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Valparaiso dean leaving for Charlotte law school

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Jay Conison, dean of Valparaiso University Law School since 1998, has been named as the new dean of Charlotte School of Law, effective April 15.

While dean at Valparaiso, the law school constructed a second building devoted to clinical and skills education, expanded faculty, upgraded the main law facility, and introduced VOLT, a website designed to help students from day one plan for their careers.

Conison is active in the American Bar Association and The Association of American Law Schools and currently is reporter for the ABA’s Task Force on the Future of Legal Education. He earned his law degree from the University of Minnesota. Before joining Valparaiso Law School, he was a professor, associate dean, and interim dean at Oklahoma City University School of Law. He also practiced business litigation before moving into academia.

Conison was traveling Thursday and unavailable for comment. In a release issued by Charlotte School of Law, he said, “It’s a great honor to assume the role as Dean at Charlotte School of Law. Charlotte School of Law is known for its dedicated and highly collaborative faculty and staff. I look forward to working with the faculty, staff, students, and alumni, in leading the School to greater excellence in serving students and to recognition as an innovator in legal education.”

Charlotte School of Law, a private school in Charlotte, N.C., offers full-time, part-time and evening J.D. programs, and a joint J.D./M.B.A. degree and J.D./MA in Accountancy with UNC-Charlotte. The school was granted provision approval by the ABA in 2008 before becoming accredited by the ABA in June 2011.

Conison’s departure means three Indiana law schools will be searching for new deans. Lauren Robel left her post as dean of Indiana University Maurer School of Law to become provost of I.U. Bloomington. Hannah Buxbaum has been serving as interim dean since December 2011. I.U. Robert H. McKinney School of Law Dean Gary Roberts announced his retirement as dean, effective the end of the 2013 school year. Both schools have formed search committees to find new deans.

 

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  1. Someone off their meds? C'mon John, it is called the politics of Empire. Get with the program, will ya? How can we build one world under secularist ideals without breaking a few eggs? Of course, once it is fully built, is the American public who will feel the deadly grip of the velvet glove. One cannot lay down with dogs without getting fleas. The cup of wrath is nearly full, John Smith, nearly full. Oops, there I go, almost sounding as alarmist as Smith. Guess he and I both need to listen to this again: https://www.youtube.com/watch?v=CRnQ65J02XA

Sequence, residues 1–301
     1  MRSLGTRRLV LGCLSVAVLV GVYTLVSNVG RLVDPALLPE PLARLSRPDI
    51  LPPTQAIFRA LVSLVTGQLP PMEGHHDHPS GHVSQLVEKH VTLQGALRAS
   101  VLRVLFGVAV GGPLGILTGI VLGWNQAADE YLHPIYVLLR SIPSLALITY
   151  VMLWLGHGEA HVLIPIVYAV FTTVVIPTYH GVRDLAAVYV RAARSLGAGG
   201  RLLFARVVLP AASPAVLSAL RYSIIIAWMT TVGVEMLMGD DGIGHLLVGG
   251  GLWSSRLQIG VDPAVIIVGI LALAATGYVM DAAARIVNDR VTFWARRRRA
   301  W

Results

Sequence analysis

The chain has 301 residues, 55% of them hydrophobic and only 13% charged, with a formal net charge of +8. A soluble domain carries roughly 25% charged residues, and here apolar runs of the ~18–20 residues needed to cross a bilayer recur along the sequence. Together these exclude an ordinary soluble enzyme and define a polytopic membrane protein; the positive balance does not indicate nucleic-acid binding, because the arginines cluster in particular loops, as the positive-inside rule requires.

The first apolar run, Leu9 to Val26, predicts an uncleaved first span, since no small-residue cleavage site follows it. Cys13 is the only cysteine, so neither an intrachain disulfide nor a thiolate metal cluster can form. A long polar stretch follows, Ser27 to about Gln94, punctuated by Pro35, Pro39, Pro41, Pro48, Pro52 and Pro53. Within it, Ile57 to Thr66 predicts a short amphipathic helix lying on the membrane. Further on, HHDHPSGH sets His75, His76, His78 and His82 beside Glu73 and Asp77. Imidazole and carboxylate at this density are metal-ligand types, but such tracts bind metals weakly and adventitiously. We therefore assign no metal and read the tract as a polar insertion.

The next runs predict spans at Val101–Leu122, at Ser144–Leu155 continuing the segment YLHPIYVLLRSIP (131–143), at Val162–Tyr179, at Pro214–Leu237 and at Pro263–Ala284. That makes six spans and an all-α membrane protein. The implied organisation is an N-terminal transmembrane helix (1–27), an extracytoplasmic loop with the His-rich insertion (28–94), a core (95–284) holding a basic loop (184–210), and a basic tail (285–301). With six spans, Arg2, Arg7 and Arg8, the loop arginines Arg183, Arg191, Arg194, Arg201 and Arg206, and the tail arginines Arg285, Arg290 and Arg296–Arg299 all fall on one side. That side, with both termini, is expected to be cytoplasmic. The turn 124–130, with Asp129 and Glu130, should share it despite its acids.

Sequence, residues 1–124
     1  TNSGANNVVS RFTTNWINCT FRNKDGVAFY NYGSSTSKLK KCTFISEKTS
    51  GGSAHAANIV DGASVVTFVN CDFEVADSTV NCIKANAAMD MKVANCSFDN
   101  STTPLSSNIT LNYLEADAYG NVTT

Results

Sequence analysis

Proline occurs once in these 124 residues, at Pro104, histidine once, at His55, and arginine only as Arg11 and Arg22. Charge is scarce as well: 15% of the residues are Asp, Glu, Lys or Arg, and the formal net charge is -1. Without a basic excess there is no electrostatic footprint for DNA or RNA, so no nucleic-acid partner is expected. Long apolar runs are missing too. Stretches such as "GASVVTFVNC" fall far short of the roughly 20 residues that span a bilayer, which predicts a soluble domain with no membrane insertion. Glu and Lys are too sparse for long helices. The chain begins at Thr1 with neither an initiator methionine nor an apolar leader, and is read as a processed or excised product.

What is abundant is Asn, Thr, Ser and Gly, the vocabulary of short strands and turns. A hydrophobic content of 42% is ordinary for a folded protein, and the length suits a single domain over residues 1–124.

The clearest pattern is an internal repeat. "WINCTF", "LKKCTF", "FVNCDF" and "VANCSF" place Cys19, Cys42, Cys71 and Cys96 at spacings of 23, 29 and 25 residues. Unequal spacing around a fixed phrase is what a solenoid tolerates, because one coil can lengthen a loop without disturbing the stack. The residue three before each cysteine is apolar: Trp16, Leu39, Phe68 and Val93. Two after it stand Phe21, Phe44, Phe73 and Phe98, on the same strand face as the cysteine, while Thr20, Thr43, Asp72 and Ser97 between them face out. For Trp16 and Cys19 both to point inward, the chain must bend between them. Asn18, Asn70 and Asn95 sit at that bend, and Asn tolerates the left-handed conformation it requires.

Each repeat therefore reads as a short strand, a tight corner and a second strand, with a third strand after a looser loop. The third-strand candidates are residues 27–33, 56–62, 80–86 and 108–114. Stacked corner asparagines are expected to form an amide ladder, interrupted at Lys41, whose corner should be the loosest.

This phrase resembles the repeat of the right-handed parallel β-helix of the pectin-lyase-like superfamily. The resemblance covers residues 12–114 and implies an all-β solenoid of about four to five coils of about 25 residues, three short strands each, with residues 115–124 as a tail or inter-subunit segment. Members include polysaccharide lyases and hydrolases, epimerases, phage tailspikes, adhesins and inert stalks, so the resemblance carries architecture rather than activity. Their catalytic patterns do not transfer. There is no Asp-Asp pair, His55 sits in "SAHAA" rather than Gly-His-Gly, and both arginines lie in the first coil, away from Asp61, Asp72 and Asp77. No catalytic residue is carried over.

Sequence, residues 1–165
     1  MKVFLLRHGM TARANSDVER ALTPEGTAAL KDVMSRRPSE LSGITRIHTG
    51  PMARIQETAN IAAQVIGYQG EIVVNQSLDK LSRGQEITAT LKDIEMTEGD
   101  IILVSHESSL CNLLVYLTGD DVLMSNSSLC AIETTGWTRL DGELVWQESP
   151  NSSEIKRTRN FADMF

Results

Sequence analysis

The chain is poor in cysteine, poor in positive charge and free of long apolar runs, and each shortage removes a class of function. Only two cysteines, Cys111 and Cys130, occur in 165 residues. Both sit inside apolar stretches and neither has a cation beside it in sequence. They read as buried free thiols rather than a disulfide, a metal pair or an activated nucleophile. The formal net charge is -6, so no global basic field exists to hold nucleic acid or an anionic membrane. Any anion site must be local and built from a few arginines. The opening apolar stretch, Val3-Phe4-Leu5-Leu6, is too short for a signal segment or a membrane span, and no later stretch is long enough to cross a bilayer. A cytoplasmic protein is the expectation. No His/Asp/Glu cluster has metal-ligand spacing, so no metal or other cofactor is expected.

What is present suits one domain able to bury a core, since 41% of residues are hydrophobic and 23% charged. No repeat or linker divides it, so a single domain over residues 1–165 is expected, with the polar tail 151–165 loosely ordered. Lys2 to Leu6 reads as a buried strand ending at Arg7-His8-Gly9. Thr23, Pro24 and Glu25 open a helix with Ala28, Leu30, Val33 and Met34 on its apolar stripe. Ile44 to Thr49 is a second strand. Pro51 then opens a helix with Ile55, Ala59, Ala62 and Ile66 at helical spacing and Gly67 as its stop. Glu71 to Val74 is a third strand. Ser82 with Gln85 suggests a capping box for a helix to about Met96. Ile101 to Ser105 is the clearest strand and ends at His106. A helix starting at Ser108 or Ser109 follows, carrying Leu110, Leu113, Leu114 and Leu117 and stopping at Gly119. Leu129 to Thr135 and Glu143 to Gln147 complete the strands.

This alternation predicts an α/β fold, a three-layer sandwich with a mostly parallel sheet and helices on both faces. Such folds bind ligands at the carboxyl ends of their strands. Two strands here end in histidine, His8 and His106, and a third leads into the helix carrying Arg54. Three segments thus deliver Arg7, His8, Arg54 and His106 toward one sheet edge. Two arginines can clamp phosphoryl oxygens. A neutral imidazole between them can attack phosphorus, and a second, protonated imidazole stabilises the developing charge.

2. Charles Rice was one of the greatest of the so-called great generation in America. I was privileged to count him among my mentors. He stood firm for Christ and Christ's Church in the Spirit of Thomas More, always quick to be a good servant of the King, but always God's first. I had Rice come speak to 700 in Fort Wayne as Obama took office. Rice was concerned that this rise of aggressive secularism and militant Islam were dual threats to Christendom,er, please forgive, I meant to say "Western Civilization". RIP Charlie. You are safe at home.

  3. It's a big fat black mark against the US that they radicalized a lot of these Afghan jihadis in the 80s to fight the soviets and then when they predictably got around to biting the hand that fed them, the US had to invade their homelands, install a bunch of corrupt drug kingpins and kleptocrats, take these guys and torture the hell out of them. Why for example did the US have to sodomize them? Dubya said "they hate us for our freedoms!" Here, try some of that freedom whether you like it or not!!! Now they got even more reasons to hate us-- lets just keep bombing the crap out of their populations, installing more puppet regimes, arming one faction against another, etc etc etc.... the US is becoming a monster. No wonder they hate us. Here's my modest recommendation. How about we follow "Just War" theory in the future. St Augustine had it right. How about we treat these obvious prisoners of war according to the Geneva convention instead of torturing them in sadistic and perverted ways.

  4. As usual, John is "spot-on." The subtle but poignant points he makes are numerous and warrant reflection by mediators and users. Oh but were it so simple.

  5. ACLU. Way to step up against the police state. I see a lot of things from the ACLU I don't like but this one is a gold star in its column.... instead of fighting it the authorities should apologize and back off.

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